Articles of the Week: 3/27/17–4/1/17

The New Yorker
“Don’t cry because it’s over. Smile because it happened.” — Dr. Seuss

Society has never accepted the concept of death. It consumes us. Time and again we tell ourselves all of the usual lies. We do not fear death because we shall live eternally in the afterlife. Or because we have lived long, full, regretless lives. We know that our children will succeed us. And if a person is forward-thinking, she can leave behind something greater than one lifespan: a legacy, the symbol of one’s merit. Unlike humans, symbols do not have expiration dates.

Then all of our subsequent actions betray our deceit.

We rap about it . We sing about it. We write about it. We pray about it. We make show, after show, after show, after show about it. But we never truly accept it. We don’t get over it.

The Black Mirror

If death was merely, “getting out of one car, and into another,” as John Lennon famously said, then we would not keep individuals hooked up to life support, breathing in artificial breathes that preserve nothing but the blood-dispersing rhythm of the human heart. People would not go to such extreme lengths to remain alive.

The National Academy of Medicine’s Grand Challenge in Healthy Longevity will award at least twenty-five million dollars for breakthroughs in the field. But sitting in Norman Lear’s (94) swanky living room, a who’s who of doctors, celebrities and Silicon Valley elite were not concerned with just living a bit longer, they openly spoke of evading death entirely. The piece is a great survey of how humans have been trying and failing to evade death over the past century.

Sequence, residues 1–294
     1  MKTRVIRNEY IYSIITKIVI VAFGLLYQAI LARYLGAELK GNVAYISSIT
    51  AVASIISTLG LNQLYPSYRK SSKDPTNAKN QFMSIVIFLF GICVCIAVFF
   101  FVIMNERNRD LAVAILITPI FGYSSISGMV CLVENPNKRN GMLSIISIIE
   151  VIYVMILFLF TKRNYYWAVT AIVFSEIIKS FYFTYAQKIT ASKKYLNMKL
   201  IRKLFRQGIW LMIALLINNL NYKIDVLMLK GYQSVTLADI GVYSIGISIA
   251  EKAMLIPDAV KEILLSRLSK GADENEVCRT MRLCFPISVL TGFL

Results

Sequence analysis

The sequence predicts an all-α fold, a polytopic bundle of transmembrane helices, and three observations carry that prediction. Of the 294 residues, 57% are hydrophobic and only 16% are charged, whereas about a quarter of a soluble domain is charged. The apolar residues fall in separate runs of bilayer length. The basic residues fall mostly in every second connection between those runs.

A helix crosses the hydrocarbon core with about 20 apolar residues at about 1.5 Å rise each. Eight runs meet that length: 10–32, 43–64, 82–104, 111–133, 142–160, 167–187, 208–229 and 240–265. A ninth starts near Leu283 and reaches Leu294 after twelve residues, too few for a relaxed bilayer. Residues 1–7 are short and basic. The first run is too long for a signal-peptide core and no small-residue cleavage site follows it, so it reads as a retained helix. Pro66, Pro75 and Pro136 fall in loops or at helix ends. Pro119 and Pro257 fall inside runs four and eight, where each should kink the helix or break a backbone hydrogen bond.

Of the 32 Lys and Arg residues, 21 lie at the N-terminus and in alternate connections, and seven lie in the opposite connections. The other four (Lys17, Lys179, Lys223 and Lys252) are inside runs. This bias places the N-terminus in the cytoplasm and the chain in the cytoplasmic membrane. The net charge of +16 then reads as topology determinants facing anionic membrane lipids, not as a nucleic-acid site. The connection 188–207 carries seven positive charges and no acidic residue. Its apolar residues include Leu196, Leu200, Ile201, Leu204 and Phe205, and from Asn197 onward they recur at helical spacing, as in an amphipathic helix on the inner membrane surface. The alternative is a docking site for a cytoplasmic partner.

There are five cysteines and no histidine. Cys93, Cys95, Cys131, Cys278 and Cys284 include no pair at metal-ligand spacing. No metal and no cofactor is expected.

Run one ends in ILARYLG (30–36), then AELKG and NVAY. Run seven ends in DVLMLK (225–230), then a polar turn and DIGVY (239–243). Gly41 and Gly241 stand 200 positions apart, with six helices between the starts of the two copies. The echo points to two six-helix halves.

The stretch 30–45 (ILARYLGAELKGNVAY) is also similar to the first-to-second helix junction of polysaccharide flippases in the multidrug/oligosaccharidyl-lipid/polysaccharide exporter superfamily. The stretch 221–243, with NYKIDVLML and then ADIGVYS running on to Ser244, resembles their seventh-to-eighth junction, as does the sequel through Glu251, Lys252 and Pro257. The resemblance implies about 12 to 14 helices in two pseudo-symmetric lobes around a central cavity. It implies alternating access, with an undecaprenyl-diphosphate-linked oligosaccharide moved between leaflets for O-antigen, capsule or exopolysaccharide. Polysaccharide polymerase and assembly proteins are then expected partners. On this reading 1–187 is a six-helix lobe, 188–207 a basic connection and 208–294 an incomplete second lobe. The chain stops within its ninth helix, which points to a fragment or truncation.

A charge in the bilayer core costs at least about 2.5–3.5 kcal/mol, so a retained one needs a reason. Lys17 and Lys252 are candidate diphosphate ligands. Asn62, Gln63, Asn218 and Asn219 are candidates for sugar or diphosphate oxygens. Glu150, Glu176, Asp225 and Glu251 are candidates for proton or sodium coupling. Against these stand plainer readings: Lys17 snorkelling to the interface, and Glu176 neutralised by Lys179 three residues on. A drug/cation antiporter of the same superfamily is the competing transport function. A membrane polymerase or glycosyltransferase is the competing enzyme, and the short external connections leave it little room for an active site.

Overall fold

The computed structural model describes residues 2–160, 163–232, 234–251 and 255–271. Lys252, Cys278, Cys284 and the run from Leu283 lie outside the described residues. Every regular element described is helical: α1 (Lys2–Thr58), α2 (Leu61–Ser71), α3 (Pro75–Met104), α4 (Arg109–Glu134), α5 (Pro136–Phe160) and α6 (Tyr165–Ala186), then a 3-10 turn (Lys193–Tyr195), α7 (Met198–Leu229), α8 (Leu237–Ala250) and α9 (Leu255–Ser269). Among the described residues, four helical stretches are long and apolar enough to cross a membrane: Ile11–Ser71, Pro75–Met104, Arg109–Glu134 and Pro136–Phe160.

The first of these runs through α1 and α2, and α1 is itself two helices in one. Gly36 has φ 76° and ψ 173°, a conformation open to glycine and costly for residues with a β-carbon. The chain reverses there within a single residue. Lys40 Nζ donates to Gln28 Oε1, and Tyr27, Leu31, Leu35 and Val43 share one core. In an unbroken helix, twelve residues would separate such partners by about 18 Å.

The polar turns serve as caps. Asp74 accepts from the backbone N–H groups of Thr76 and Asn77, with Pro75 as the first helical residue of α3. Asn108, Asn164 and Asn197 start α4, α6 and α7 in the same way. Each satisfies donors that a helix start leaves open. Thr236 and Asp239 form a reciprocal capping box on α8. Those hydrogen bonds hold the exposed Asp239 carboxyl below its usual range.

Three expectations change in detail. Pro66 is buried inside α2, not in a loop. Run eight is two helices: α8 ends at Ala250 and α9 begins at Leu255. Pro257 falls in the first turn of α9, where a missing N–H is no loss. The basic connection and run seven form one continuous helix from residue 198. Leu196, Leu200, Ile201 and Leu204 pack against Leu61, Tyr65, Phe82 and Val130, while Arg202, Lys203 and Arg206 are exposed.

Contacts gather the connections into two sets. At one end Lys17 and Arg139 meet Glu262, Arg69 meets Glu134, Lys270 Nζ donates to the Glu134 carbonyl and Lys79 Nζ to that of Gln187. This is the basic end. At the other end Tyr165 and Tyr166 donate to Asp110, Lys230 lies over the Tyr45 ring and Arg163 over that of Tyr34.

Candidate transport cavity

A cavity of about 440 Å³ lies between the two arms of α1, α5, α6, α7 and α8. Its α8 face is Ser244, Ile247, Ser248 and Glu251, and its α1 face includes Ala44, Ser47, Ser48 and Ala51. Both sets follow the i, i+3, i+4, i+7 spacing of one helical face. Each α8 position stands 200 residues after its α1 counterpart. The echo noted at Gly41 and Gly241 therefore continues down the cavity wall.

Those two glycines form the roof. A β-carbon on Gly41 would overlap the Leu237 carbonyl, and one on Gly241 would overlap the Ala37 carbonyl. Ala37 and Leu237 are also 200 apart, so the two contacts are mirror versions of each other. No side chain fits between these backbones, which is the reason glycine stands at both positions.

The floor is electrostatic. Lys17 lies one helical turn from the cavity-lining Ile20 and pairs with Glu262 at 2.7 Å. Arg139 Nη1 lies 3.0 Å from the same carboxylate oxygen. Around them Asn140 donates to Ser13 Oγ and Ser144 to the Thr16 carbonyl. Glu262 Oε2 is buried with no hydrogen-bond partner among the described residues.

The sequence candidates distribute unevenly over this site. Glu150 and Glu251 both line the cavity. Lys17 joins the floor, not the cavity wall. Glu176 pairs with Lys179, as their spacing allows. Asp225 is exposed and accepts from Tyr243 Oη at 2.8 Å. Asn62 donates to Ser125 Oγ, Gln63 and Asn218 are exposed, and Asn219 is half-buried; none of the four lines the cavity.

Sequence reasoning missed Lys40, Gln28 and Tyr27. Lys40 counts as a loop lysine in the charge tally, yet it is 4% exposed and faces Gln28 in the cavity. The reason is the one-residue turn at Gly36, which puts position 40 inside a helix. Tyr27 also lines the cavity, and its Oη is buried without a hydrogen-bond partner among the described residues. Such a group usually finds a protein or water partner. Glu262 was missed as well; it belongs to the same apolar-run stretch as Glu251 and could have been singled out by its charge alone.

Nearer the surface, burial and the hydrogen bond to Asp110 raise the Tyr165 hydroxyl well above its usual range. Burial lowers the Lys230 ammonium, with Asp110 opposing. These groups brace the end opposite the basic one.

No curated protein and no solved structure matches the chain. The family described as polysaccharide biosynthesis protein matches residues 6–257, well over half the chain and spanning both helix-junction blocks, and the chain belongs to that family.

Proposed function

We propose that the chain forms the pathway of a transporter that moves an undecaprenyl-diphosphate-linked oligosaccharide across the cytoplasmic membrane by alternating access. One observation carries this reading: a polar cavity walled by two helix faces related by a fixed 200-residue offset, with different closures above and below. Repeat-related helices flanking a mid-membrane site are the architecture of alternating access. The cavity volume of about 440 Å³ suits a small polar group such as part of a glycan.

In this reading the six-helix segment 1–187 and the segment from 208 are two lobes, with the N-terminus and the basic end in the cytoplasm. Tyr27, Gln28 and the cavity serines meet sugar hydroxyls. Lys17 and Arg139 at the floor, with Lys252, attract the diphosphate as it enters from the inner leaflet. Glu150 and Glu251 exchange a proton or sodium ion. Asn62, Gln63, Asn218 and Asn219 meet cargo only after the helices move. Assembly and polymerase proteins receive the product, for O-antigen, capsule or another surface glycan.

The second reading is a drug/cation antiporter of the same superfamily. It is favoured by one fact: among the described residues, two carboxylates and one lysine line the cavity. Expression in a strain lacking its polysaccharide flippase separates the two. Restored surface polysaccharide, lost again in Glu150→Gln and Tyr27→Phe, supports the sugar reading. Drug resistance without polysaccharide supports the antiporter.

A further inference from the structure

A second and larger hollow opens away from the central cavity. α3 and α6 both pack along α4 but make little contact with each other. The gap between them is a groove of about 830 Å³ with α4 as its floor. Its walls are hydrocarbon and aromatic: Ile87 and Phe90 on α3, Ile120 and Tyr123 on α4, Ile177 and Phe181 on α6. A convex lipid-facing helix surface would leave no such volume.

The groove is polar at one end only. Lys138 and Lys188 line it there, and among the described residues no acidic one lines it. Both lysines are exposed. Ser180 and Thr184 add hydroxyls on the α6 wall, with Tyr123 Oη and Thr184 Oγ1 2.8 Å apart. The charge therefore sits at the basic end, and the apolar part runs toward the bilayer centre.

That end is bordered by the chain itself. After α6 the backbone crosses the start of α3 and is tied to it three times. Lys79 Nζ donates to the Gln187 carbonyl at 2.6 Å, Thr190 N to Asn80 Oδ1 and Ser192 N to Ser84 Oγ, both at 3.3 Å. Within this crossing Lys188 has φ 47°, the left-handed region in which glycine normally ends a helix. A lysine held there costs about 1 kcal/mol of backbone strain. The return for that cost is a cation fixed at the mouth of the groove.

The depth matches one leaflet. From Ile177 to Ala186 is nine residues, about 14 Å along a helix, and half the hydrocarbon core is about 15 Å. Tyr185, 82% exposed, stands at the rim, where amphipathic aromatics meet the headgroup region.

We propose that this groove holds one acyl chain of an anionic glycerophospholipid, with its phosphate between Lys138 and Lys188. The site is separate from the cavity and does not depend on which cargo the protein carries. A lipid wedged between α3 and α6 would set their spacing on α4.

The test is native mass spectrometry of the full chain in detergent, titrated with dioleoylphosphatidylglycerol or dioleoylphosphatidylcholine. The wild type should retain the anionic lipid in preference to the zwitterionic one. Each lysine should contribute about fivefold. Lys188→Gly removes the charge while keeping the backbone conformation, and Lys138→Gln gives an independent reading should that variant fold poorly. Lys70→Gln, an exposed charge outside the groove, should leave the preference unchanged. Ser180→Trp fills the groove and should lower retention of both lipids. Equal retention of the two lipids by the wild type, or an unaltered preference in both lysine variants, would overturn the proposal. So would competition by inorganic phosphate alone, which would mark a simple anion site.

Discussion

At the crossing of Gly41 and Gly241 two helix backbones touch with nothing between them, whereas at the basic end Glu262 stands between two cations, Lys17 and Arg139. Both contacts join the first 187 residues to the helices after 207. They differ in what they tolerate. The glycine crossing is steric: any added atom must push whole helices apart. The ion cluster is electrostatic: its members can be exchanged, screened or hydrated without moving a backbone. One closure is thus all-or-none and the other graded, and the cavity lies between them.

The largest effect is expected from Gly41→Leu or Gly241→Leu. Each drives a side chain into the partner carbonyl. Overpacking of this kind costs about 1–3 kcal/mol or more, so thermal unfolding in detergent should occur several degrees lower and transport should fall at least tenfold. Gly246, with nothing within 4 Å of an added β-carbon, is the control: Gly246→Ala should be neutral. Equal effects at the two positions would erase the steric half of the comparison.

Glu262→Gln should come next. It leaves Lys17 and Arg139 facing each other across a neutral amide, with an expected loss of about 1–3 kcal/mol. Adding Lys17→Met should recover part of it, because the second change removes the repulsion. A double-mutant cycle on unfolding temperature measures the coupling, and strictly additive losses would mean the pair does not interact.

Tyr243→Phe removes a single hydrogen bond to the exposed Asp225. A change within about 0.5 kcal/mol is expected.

Norman Lear…closed the night by saying, “Seven years ago, I wrote a pilot script for a TV show called ‘Guess Who Died?,’ about people at a retirement community. I just learned today that it’s on its way to being made.” The audience demographics were catching up to him: by 2020, for the first time, there will be more people on Earth over the age of sixty-five than under the age of five.

This article is good at highlighting three major challenges that the movie industry will be facing over the next several years.

(1) The Release Window

Last year, the talk at CinemaCon was all about Screening Room. Backed by Sean Parker of Napster and Facebook, the startup wanted to release movies in the home at the same time they debuted in theaters for $50 a rental. It boasted anti-piracy technology and the promise of cutting theater owners in on a slice of the digital revenue, but, for the most part, exhibitors weren’t interested. They feared that what Parker and his partner Prem Akkaraju were proposing was too radical. If it became popular, it might make people think twice about going to the movies, persuading them to skip the multiplexes for the convenience of home.

However, studios are once again pressuring theaters to shorten the typical 3-month exclusivity window. To them, it makes little sense to have a 3-month window when most of a movie’s sales are made within the first two months. This is a fair point, but if potential moviegoers know that a film will be available for high quality viewing at home within a month of its box office release, they may just choose to wait it out as theater owners fear. In that scenario, only films such as Star Wars or other films that practically demand IMAX viewing will be spared. Though, we are already in an era of the haves and havenots at the box office. Seldom do we see “moderate” successes. Films either flop miserably or defy expectations. Maybe this would help to mitigate that process and change expectations.

(2) Power Vacuum at the Studios